In the total of experience, if we were to leave that as one thing, there would be no forms.  Forms then arise out of that oneness.  These forms are the things that we separate out, like people, cars, and trees.

So far, they seem to be separate “things” but I want to take that further.  They can also be ideas, and anything else we can name and feel separate from.  They can be a job.  A job has no physical form, but it has an idea form.  Anything that is not us and can be named can be called a form for the purposes of this talk.

A feeling is the experience of a situation, the form is the idea of the situation.  Another way to think of it is that forms seem external to us, and feeling seems internal to us.  All forms are in the thought realm.  Something becomes a form when we give value to a separate entity, giving it a name, etc.

Feeling is open and receptive; it is listening.  Form is naming, or talking.

Two points to make today:

  • There is a literal practice of bringing our attention from the form realm to the experience of feeling realm.
  • When we’re not doing that practice, we become very attached and sad unnecessarily.

We get lost in the idea, or form, of something.  We stick to it past it’s usefulness:

  • salaries – why do we stay in a job when we are unhappy?
  • cars – why do we think they’re beautiful?  What about them do we find beautiful?

“Attached to the idea about something” is how most of us live, but that’s not what we really want.  We want to feel good.  When I believe that money will do that for me I make money my entire focus.  That’s the error.  How many people do you know that are doing jobs they hate because they think they need money?  Do they really know how much money they need?  Have they spent any time trying to figure out where their happiness really comes from?  Wouldn’t that be a better use of their time?

One example of stopping the identification with form can be seen while playing sports.  We can begin to realize that playing a sport is done for the fun of it, not the score of it.  When we get mad at ourselves for scoring a certain way in a game, we’re stuck in the form world.

Another example is when we look at an expensive car and like it, but don’t know why.  We could say we are a little lost in the form world then.  Do we like how pretty it is?  The power in connotes?  Do we know what we like about it?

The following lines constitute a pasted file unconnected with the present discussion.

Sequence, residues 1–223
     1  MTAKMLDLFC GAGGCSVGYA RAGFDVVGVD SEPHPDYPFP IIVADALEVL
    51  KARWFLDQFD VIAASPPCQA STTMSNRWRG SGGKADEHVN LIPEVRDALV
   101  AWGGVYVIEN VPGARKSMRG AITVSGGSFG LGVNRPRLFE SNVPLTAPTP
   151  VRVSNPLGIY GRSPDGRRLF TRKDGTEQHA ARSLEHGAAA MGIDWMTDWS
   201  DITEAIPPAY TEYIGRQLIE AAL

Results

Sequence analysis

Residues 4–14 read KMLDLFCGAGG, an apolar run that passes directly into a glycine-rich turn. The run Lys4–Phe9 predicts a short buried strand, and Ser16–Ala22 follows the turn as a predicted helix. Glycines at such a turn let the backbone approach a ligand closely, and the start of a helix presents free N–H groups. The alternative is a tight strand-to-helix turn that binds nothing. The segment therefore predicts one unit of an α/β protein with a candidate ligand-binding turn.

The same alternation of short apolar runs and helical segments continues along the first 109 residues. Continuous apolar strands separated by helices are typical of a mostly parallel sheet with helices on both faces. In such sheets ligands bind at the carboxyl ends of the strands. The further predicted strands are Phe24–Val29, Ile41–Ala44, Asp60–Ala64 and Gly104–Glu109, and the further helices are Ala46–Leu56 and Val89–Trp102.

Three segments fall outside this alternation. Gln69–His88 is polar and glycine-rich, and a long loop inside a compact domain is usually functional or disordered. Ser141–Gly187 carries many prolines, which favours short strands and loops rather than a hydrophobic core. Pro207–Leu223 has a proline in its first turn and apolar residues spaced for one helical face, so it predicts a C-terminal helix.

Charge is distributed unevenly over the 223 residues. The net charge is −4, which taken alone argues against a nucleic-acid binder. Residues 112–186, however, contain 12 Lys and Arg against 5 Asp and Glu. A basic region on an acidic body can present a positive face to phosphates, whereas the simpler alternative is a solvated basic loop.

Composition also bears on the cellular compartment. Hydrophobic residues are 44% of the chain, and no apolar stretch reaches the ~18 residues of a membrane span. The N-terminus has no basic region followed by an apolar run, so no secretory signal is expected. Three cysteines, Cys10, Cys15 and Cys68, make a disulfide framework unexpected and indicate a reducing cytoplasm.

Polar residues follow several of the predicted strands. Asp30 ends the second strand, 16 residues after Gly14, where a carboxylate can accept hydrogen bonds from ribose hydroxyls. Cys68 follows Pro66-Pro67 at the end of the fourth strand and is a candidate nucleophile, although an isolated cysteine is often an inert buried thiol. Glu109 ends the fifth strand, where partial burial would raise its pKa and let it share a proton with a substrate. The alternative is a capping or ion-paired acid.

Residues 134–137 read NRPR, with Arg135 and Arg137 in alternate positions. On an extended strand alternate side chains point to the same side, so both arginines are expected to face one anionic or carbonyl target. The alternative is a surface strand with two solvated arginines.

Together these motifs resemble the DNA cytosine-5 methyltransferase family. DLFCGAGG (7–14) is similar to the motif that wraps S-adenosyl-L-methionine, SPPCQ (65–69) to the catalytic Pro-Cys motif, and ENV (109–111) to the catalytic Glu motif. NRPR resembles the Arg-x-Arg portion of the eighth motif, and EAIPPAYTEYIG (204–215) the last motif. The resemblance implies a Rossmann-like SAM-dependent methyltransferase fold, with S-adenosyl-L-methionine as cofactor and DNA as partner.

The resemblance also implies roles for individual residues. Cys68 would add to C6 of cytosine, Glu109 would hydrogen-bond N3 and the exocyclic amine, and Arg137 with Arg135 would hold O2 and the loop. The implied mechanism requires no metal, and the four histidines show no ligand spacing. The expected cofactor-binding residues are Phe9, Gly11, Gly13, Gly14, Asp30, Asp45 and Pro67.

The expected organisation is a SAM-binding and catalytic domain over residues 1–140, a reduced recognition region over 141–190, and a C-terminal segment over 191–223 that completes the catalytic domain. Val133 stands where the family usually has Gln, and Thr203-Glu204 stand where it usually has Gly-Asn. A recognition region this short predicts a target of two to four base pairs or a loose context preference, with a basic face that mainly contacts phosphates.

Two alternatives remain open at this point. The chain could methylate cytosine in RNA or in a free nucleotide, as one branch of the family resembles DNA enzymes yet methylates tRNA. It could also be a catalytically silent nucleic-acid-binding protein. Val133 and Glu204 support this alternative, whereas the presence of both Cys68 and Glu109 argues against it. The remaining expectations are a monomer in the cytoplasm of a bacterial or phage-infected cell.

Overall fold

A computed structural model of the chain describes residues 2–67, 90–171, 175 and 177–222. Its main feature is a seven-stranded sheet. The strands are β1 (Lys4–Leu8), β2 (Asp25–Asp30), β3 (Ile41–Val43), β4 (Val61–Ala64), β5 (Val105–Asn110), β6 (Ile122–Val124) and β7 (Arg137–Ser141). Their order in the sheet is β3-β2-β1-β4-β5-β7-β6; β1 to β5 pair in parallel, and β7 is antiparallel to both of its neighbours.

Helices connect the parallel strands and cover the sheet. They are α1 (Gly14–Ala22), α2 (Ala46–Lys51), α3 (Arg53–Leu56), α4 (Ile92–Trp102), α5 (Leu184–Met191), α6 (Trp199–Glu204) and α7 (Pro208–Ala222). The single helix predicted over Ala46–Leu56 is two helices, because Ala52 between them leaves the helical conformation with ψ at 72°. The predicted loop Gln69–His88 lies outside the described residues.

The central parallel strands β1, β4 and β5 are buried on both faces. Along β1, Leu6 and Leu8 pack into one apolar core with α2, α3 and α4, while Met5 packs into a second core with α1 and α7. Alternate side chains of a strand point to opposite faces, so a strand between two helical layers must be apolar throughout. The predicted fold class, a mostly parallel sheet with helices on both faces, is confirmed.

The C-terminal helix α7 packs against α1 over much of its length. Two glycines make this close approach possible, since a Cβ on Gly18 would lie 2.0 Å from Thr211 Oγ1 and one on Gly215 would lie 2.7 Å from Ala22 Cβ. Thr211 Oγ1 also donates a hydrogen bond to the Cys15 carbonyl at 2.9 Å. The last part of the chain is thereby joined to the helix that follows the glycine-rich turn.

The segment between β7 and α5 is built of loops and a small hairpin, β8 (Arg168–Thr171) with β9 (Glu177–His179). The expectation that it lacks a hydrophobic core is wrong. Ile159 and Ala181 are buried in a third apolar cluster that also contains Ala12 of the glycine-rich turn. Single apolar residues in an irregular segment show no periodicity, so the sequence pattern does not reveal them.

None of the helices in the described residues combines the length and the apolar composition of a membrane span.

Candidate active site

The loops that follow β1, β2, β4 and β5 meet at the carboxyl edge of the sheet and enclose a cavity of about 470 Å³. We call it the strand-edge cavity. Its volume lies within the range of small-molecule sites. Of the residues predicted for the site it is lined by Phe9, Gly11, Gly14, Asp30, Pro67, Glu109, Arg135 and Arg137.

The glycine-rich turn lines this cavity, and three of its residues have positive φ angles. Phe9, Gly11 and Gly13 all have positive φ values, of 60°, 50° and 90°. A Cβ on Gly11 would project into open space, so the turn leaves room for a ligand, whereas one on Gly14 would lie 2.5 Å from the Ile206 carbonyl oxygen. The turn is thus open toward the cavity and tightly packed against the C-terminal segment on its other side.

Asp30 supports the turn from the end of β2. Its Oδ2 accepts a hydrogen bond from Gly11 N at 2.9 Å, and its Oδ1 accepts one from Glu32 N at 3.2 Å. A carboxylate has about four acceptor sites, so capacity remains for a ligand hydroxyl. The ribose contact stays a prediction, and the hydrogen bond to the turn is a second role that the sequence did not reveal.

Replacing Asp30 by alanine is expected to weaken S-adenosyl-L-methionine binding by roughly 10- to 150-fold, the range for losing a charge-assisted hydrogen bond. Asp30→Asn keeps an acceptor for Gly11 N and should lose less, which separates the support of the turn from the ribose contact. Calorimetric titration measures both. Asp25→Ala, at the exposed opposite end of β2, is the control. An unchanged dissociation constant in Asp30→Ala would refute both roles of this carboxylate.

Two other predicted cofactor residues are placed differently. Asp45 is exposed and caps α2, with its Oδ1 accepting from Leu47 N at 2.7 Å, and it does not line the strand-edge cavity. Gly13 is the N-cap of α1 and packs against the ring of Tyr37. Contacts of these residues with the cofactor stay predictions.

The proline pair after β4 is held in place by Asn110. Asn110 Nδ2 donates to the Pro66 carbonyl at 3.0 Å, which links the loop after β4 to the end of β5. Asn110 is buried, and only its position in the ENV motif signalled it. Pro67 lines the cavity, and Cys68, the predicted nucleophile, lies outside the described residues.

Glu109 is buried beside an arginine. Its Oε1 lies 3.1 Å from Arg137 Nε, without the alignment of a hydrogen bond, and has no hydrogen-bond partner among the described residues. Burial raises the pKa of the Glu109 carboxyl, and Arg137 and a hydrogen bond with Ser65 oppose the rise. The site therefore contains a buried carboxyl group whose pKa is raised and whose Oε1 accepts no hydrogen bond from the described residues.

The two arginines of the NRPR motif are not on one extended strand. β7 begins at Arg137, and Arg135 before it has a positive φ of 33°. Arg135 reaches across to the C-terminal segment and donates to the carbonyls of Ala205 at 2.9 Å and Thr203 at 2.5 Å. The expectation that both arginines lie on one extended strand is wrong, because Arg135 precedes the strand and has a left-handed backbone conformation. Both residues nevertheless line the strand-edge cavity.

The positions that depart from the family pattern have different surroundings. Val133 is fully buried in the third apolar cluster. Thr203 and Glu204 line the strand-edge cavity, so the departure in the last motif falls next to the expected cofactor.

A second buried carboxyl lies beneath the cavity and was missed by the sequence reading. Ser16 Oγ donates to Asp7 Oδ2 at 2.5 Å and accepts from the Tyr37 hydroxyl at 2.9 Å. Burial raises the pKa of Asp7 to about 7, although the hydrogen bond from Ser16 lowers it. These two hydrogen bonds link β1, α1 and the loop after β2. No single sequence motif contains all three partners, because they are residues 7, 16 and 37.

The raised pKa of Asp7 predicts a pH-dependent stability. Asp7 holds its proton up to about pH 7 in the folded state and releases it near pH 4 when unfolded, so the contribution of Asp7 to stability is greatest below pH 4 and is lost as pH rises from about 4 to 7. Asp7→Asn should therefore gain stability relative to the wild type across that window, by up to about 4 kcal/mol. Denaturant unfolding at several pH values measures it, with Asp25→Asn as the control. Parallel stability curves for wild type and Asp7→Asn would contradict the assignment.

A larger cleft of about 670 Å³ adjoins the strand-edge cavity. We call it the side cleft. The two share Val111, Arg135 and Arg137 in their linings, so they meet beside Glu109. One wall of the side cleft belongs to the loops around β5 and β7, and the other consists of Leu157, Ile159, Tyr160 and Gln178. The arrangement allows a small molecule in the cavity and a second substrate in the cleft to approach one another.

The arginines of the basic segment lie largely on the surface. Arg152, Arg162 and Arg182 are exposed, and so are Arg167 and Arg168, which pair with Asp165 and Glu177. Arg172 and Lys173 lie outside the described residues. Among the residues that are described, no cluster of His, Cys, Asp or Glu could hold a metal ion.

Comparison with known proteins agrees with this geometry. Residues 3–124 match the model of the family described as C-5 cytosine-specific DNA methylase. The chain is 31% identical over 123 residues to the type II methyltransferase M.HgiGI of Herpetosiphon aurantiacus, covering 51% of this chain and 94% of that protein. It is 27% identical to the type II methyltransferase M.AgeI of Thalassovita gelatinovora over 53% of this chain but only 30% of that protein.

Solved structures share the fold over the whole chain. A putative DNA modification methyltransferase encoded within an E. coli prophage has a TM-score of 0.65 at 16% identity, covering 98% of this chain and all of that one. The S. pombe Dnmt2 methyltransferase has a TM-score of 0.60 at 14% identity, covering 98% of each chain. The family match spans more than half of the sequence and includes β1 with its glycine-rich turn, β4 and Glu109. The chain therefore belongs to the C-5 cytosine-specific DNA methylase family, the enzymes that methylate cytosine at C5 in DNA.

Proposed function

The fundamental shift is bringing our attention away from forms, beliefs, values, to the feeling of situations, and dancing between those two states.  Ultimately. we could realize that the feeling of a situation is what we really want.

Somewhere we’ve gotten lost in the idea of things instead of the feeling of the moment.

The World Is Your Body

This is an advanced talk. Many people may find this content weird, but I’m serious when I say that the world is your body. We’re trying to learn to look at the world differently. This is very literally a different way to look at the world. It’s a shift in consciousness.

Normal subject/object consciousness has ego and self boundaries involved with it. It’s important that we don’t look at these ideas from a place of self. We need to drop self to understand these ideas.

Subject and object aren’t separate. The act of listening, seeing, tasting, hearing, feeling can’t occur without both the subject and the object. That being the case, the actual act of sensation is the real content, and the parties involved are only ideas. The listening, as an example, *IS* the thing that’s going on. When we learn to dive into experience on that level we widen our perception of ourselves, and the world. Our experience is further out than we thought. We start to realize that we are larger than we thought.

Another point to understand is that we become, literally, whatever we focus on. When we see a sunset, we are the sunset. When we think a thought, we are that thought. When we hear a car horn, we are the car horn. The reason most of us don’t feel that way is because we are too busy bouncing from thought to experience to thought, etc. to realize any content deeply enough. This understanding is a new way of approaching things, but it allows for many freedoms.

What are the benefits of these ideas? An unchecked ego is the basis for all of our pain. This is another way, or facet, to understand dropping the ego. It’s another way to describe a new way of being. This will allow us to be filled with what is: sunsets, car horns, stillness, joy.

The practice is to realize that you are not a separate thing. You are an integral part of the greater whole. You are necessary to the process of life. Everything you hear, taste, smell, see, and feel shows you a wider self. That horn down the street is you. That breeze is you. You are vast. Realize it. Imagine, as a side benefit, how respectful we’ll be of the world once we realize it’s us.

Lastly, realizing that your body is the world quickly allows us to relate to the idea of “oneness of being” that all great philosophies speak of. This understanding is a way to realize that oneness.

Show music: La Bella Monterosa by Sahnas